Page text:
I loved Meg. I admired her fierce loyalty to her mother and Grace and her determination to shut off the scary part of her mind. I felt for her when she worried about getting close to people and cheered when she let Dan, her easy going next door neighbour, into her life. Their easy going friendship and fun banter provides some much needed light relief.

The actual night visitor scenes are chilling (literally in my case) and spooky. And I felt Meg's horror when she realises what she must do. And again, I loved her determination. It's a huge adrenaline rush towards the end, which took me completely by surprise. I would love to tell you all about it, but you'll need to read the book instead!

I loved this book. It was completely absorbing, and incredibly clever and original. It was the first I had read by Patrick Redmond, but it most certainly won't be the last!

The Author:


Patrick Redmond is an English author of psychological thrillers. He attended Felsted School, then studied law at Leicester University and British Columbia in Vancouver. Before becoming a writer, he worked for eight years as a solicitor in London.

You can find out more about Patrick and his books on his website

Saturday, 3 November 2018

Before She Falls by Dylan Young #blogtour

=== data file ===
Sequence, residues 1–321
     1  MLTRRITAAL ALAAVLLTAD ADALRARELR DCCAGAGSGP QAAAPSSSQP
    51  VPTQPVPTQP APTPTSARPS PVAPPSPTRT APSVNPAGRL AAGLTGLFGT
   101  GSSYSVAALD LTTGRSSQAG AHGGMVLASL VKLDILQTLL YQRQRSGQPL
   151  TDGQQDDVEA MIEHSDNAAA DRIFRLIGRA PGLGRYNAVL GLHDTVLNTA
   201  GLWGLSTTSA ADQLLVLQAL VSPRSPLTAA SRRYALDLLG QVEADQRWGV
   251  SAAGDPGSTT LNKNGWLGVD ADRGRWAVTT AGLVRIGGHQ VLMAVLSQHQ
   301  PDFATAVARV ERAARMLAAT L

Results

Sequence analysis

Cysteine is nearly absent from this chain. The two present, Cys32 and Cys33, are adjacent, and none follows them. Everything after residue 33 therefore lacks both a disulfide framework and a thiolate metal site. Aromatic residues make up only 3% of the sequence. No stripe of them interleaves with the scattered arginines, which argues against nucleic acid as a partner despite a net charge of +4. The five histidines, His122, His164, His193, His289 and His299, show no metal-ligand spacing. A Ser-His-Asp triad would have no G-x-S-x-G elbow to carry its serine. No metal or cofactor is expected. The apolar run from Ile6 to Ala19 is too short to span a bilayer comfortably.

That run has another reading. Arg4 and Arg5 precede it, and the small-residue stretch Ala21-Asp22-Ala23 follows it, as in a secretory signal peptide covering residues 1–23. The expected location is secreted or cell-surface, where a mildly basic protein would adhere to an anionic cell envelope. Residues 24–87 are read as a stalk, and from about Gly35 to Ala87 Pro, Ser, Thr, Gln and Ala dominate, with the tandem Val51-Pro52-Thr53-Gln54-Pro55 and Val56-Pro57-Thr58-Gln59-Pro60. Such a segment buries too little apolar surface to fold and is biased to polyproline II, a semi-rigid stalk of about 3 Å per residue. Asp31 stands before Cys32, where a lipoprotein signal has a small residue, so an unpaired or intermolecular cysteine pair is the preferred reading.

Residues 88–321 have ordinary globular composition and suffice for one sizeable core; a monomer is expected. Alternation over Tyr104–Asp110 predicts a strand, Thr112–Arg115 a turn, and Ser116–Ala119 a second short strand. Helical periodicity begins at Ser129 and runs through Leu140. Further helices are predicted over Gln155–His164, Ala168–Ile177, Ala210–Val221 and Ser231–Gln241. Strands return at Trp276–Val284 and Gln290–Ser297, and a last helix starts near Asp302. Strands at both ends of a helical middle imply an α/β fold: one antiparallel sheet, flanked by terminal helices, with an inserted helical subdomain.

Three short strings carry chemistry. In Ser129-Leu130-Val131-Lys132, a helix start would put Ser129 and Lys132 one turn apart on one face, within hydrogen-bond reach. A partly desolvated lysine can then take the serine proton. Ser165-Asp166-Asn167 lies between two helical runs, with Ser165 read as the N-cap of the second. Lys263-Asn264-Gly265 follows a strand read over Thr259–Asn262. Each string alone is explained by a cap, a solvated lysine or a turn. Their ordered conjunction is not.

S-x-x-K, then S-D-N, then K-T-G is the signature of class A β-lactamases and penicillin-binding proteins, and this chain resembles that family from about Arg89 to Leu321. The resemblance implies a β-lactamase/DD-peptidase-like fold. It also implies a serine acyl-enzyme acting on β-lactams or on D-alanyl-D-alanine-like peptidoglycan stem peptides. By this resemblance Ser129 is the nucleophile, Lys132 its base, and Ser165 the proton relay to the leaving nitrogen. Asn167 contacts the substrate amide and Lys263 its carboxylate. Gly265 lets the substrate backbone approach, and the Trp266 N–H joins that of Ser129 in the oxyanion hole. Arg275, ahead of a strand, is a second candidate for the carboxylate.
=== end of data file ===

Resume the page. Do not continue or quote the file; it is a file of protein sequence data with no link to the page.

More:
I have been looking forward to reading this, my first book by Dylan Young. I had no idea it was part of a series, and look forward to reading the others. Huge thanks to the author and Noelle Holten from Bookoutre for inviting me to be on the tour and providing my review copy.


The Blurb:

Kimberley was a beautiful young girl with the world at her feet.
Before she fell.
Before she was gone.

When Kimberley Williams jumps off Southerndown Cliff, her family and the close-knit community are shocked. What would make her take her own life when she had so much of it left to live?

Detective Anna Gwynne is assigned to the case after it becomes clear that someone made Kimberley jump. Someone had been sending Kimberley messages, saying they would tell everyone her secret…

Then Anna realises there are others, all being sent the same messages, all with their lives at risk. To find the truth she will have to confront her own past, the lies she’s told about her childhood and the demons hidden there…

Can she save these innocent lives?

What is the secret they’re all dying for?

An absolutely gripping thriller that will hook you from beginning to end. If you love Val McDermid, Angela Marsons and Robert Dugoni, you won’t be able to put down Before She Falls.


Buy links


My Review:

Gosh, where to start? I have children, and losing a child is absolutely the worst thing I can imagine. And my children are teenagers, a similar age to the children featured in this book. My blood ran cold. Of course, I have heard about websites of the type mentioned in this book, but nobody ever thinks this kind of thing will happen to them or theirs.